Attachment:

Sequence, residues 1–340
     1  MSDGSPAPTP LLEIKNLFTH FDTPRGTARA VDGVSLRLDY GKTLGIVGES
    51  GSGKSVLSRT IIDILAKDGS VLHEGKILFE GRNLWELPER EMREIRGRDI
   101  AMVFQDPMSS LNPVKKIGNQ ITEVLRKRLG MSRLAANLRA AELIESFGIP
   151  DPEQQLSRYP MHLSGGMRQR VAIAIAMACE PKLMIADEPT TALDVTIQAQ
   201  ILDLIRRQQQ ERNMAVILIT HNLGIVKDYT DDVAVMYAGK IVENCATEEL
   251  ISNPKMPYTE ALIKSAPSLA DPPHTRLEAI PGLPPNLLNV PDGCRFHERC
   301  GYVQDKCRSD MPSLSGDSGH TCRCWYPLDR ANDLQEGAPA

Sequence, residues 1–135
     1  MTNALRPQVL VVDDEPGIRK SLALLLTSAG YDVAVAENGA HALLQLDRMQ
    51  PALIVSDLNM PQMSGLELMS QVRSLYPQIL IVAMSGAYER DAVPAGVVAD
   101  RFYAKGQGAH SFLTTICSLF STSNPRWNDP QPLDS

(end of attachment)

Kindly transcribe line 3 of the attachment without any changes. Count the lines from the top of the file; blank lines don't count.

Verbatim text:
    51  GSGKSVLSRT IIDILAKDGS VLHEGKILFE GRNLWELPER EMREIRGRDI